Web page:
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2020 Season Preview

Phillies Nation 2020 Season Preview: Bryce Harper


The 2020 regular season is scheduled to begin in late July, which means it’s finally time to talk some baseball! To prepare you for the season, Phillies Nation will be taking an in-depth look at all of your favorite players. Here’s a review of Bryce Harper’s 2019 season as well as what to expect from the Phillies right fielder in 2020.

Bryce Harper is entering his second season with the Phillies. (Photo by Cliff Welch/Icon Sportswire)

After four months of endless amounts of speculation, Bryce Harper signed a record-breaking 13 year, $330 million dollar contract with the Philadelphia Phillies. The No. 3 Harper uniform immediately became the best-selling jersey in baseball and fans flocked to the ticket booths at Citizens Bank Park to get a glimpse of the team’s new superstar. Expectations were high for the then 26-year-old and they still are today as Harper is set to begin his second season with his new team.

2019 Stat Line: 157 G, 682 PA, 35 HRs, 114 RBIs, .260/.372/.510, 125 OPS+, 4.6 fWAR

Harper made his highly anticipated Phillies debut on Opening Day of 2019. He went 0-for-3 with two strikeouts in the game, but that seemed to be an afterthought as the crowd was thrilled to finally see Harper in pinstripes:

Two days later, Harper launched his first Phillies home run into the second deck off of Philadelphia native and former Phillies top prospect Jesse Biddle:

Harper continued his eventful first few days in a Phillies uniform with a trip to his former stomping grounds in D.C. He was booed voraciously by the home fans but that didn’t stop him from launching a bomb that sailed just over a group of traveling Philadelphia fans in right field:

After the first series at Nationals Park, Harper carried a slash line of .241/.352/.434 up until the All-Star break. Saying he was a disappointment in the first-half is a stretch, but he didn’t do enough to earn his 7th All-Star nod.

Fortunately for the Phillies, Harper began to turn it on during the second half. Most of the team struggled mightily after the All-Star break but Harper batted .270 and had a .941 OPS in 67 games.

August turned out to be the best of month of his season and possibly, one of the best of his career. In the same month Harper welcomed the birth of his first child, he hit 11 of his 19 second-half home runs, drove in 25 runs and had a 1.025 OPS. His walk-off grand slam against the Chicago Cubs on Aug. 16 will go down as one of the most memorable regular-season home runs in Phillies history:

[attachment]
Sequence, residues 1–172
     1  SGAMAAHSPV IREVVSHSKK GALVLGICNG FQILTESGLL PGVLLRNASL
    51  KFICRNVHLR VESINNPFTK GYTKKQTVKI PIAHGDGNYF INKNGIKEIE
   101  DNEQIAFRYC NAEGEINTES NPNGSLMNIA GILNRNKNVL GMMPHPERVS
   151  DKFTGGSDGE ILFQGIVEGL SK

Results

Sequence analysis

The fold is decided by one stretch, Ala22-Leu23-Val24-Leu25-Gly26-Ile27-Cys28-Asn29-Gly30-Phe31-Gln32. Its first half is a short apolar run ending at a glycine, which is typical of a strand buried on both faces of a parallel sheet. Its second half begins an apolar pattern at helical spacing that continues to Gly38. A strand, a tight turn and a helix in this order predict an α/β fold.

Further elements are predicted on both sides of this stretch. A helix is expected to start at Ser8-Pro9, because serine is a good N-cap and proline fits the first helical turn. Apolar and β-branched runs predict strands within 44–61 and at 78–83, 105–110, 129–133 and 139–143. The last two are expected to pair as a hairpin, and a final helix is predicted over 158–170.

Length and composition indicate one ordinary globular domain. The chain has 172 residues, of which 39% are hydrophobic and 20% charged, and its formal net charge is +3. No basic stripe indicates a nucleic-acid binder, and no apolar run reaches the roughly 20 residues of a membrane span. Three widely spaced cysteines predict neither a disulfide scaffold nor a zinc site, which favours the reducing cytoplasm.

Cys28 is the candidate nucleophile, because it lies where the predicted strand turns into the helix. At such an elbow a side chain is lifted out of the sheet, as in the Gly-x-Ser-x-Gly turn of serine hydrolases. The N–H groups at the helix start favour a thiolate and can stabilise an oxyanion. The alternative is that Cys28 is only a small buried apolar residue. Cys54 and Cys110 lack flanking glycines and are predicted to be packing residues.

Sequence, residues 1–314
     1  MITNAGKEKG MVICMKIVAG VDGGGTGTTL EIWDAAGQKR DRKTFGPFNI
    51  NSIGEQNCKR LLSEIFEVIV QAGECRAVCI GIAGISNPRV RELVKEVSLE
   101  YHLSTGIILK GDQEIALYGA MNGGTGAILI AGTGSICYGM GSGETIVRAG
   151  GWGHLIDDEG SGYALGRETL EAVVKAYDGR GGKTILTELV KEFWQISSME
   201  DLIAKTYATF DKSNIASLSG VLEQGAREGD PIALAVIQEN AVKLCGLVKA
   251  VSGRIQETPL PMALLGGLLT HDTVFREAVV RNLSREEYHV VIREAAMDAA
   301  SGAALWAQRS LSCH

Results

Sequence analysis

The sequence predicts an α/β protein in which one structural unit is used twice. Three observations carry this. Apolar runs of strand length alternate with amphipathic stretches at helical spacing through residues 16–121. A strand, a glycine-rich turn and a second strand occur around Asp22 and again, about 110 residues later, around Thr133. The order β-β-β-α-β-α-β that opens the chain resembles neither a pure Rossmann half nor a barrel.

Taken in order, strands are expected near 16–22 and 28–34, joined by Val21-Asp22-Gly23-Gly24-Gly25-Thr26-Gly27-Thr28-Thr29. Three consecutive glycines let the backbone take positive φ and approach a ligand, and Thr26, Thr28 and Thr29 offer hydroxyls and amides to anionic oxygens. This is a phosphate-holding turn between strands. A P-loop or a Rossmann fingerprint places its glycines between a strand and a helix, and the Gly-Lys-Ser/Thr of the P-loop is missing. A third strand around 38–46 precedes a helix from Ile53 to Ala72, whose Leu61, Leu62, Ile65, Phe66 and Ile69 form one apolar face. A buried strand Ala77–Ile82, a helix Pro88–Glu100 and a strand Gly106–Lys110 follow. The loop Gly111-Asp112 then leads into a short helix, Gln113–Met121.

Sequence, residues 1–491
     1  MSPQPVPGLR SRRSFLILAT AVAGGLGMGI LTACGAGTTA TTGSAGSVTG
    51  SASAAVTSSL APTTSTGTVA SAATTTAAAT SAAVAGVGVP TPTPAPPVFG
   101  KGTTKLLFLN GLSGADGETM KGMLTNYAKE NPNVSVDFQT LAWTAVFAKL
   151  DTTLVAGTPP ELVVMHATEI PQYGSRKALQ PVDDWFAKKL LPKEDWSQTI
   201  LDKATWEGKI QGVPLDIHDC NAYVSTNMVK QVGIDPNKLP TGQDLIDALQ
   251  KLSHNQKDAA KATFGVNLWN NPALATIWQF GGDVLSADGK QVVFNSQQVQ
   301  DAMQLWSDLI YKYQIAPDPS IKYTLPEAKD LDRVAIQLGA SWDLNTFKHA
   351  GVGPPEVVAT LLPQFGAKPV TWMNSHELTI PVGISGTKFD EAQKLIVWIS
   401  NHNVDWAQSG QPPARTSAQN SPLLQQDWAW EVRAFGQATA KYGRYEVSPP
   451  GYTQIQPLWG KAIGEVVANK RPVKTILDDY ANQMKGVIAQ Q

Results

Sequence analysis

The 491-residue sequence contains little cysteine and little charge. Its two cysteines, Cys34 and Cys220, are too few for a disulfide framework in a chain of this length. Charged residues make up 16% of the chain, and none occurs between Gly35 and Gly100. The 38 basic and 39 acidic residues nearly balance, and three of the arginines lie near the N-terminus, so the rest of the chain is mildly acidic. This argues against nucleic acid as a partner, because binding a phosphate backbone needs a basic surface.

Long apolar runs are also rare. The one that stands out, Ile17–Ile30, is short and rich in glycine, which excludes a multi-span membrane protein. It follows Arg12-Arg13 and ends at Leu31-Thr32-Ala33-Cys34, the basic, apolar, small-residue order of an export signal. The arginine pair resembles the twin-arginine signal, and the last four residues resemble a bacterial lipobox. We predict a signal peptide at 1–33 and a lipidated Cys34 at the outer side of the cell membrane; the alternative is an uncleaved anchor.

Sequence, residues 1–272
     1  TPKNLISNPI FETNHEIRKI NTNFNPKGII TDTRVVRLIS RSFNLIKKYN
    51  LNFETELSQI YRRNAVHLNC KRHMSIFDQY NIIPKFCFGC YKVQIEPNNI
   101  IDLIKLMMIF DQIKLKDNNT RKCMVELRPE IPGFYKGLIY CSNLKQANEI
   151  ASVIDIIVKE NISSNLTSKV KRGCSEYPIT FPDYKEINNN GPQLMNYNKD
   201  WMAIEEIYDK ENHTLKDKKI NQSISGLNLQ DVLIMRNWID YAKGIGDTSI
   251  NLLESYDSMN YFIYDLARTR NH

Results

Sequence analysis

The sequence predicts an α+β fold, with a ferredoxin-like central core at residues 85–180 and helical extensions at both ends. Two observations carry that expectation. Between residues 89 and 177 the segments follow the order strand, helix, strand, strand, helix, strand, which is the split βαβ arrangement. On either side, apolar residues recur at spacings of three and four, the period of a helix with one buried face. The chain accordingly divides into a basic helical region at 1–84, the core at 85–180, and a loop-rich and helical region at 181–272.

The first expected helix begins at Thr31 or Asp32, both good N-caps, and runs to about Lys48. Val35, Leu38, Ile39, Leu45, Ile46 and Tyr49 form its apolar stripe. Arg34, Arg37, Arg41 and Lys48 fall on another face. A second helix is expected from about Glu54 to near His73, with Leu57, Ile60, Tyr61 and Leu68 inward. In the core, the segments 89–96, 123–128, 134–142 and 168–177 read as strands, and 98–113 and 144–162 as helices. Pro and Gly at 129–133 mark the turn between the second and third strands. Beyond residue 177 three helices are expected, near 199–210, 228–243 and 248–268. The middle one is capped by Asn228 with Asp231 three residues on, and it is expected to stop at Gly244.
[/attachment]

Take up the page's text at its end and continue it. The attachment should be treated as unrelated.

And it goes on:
One of the more underrated aspects of Harper’s 2019 season was his improvement on defense. In 2018, Harper had a career-worst -15 defensive runs saved. Much of that can be attributed to him spending a significant amount of time in center field, but it led many to conclude that Harper’s glove will be a liability throughout his 13-year contract.

Harper stayed in right field for most of 2019 and saw a 25 run improvement in DRS and was named a Gold Glove finalist. In an interview with Matt Gelb of The Athletic in February, Harper attributed his success on the field to first-base coach Paco Figueroa, who simplified his approach on defense.

“I want to work hard to get better in the outfield,” Harper told Gelb. “I was able to do that with Paco, and we need players that are coachable as well. So I want to be as coachable as I can. I want them to be able to come up to me and talk about what they think, or what they’re seeing so I’m able to do that to the best of my ability.”

2020 Preview

Heading into the 162-game season, Harper was a sleeper pick for the National League’s Most Valuable Player Award. Harper was heading into his second year in red pinstripes after an offseason free of distractions as well as a full spring training under his belt. It seemed as though positive regression was inevitable.

Then the shutdown came and things have changed. The noisiness of a shortened 60-game makes it hard for anyone to accurately predict what could happen, but Harper could still have a big year in him.

According to our own Ty Daubert, Harper posted an OPS of 1.190 and 1.042 in the first 60-games of 2015 and 2017 respectively. These were his best seasons through 60 games (and his career), so it’s very possible Harper can be ridiculously productive in this sample size. Last year, Harper had a .832 OPS through 60 and it’s fair to say that could be considered average productivity for him in that span, which the Phillies would take in a heartbeat.

During quarantine, Harper stayed busy. He spent three days a week in the cages back at home in Las Vegas and worked out frequently. He “didn’t really stop” and that showed when Harper crushed a three-run home run off former teammate Max Scherzer in the Phillies’ first exhibition game of summer camp.

It’s easy to get excited over a missile of a home run off an elite pitcher during an exhibition game, but there’s good reason to be excited for what Harper can do in 2020. He’s been on fire since spring training I and it seems to have carried over into the second part:

It’s not clear what award voting will look like in the shortened season and whether or not they will carry as much meaning in a 60-game season, but I think Harper will be an extremely productive player in 2020 and find himself in the MVP conversation when it’s all said and done.

Check out our other 2020 season previews

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